Hundreds Gather in NY to Remember Slain Ugandan Activist David Kato
February 8, 2011 by Sharon Groves, Director, Religion and Faith Program
The following comes from HRC Greater New York Steering Committee Diversity Co-Chair Pete Webb:
I represented the Human Rights Campaign yesterday at the New York City Memorial Service to honor the Ugandan LGBT Activist, David Kato. Kato was the advocacy officer of Sexual Minorities Uganda (SMUG). Only a few short months after his picture was published in a national magazine outing LGBT Ugandans under the headline “hang them,” someone broke into Kato’s house on January 26, 2011 and beat him to death with a hammer.
Right-wing U.S. extremists have fueld a climate of hatred in Uganda. Click here to learn more and send a message to the most outspoken extremists whose words may have led to Kato's death. A moving memorial service, alive with soul and spirit, was held for Kato in the historic setting of Abyssinian Baptist Church. Over 225 people attended to mourn David’s murder and show their solidarity with LGBT Ugandans.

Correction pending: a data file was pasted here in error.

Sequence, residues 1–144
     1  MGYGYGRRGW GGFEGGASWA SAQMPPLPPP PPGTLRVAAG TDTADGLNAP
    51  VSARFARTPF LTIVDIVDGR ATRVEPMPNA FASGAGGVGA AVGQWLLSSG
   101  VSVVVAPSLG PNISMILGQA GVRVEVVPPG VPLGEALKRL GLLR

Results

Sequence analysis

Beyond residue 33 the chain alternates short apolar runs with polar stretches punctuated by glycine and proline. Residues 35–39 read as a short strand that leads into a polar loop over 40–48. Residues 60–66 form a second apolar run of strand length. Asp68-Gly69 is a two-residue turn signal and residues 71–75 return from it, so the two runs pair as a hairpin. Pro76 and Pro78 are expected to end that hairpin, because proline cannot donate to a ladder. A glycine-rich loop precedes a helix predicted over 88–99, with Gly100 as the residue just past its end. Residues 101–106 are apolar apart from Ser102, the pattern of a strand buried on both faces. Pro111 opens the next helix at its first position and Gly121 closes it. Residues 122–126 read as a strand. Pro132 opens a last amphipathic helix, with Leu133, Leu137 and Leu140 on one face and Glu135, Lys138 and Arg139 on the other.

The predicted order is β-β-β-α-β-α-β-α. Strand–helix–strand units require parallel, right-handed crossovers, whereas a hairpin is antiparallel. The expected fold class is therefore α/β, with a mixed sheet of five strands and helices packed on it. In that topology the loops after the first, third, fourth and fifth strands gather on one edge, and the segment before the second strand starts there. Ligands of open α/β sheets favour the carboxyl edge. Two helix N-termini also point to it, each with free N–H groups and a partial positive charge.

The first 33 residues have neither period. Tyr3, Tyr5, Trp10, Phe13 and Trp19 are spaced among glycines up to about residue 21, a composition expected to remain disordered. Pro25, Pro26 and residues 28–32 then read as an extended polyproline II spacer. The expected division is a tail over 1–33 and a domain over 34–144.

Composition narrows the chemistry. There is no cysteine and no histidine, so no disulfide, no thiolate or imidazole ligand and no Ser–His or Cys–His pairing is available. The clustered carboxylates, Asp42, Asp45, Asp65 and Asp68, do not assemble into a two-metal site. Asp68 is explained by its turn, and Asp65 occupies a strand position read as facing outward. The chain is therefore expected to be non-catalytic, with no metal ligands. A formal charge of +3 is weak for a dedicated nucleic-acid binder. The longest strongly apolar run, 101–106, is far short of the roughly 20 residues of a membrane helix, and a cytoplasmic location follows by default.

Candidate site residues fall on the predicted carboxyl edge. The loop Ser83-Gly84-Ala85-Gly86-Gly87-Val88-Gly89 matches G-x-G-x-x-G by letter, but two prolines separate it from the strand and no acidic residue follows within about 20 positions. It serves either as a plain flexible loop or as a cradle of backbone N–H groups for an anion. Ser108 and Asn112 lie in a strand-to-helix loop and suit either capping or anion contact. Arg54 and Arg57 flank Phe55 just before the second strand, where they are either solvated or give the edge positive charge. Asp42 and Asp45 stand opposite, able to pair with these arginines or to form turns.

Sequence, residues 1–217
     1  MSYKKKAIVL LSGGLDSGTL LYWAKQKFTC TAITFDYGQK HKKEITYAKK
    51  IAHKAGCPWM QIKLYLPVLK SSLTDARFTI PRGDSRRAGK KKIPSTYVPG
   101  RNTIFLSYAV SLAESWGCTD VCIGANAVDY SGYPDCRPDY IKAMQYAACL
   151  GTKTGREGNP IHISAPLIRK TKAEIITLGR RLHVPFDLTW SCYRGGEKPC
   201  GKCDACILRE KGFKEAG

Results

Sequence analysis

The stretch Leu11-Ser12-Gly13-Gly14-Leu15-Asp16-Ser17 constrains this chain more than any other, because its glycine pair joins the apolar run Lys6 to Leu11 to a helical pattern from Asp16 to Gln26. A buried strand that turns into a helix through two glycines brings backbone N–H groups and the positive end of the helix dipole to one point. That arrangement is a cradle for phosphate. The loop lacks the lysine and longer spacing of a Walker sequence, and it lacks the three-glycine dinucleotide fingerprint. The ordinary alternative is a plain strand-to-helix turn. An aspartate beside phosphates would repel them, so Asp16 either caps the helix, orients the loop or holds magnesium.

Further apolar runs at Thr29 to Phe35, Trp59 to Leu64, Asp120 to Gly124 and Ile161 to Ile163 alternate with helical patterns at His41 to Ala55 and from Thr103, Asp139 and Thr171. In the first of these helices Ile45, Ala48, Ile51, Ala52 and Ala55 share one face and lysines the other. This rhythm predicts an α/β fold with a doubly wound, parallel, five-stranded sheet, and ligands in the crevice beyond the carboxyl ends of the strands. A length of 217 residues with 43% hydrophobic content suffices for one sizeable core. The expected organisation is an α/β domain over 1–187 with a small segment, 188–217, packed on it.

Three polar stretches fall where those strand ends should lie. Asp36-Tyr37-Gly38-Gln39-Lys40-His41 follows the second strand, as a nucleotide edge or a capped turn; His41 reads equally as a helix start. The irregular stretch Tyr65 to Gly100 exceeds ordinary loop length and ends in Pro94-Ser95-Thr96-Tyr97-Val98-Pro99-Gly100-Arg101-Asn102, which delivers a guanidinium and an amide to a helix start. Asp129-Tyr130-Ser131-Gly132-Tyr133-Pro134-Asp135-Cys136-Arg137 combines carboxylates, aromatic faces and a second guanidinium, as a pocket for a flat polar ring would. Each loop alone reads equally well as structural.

Various dignitaries participated in the service including a UN Senior Adviser to the High Commissioner, New York City Councilmember, and clergy from various faith communities. Frank Mugisha, Executive Director of SMUG, also shared his testimony and friendship with David Kato. The Rev. Joseph Tolton, who was the lead organizer of the vigil, talked about racism, homophobia, hatred and bigotry within society and the church. He passionately extolled everyone to “do justice, love mercy and walk humbly with your god.” He challenged the church to welcome all of god's children including the LGBT community. The Rev. Calvin Butts of Abyssinian Baptist Church continued this theme declaring that we must open our hearts and minds to erase hate and affirm human dignity. It is my hope and prayer that David Kato's legacy will birth a movement of understanding; empowerment and liberation.
December 6, 2013
Issues: Religion & Faith
December 3, 2013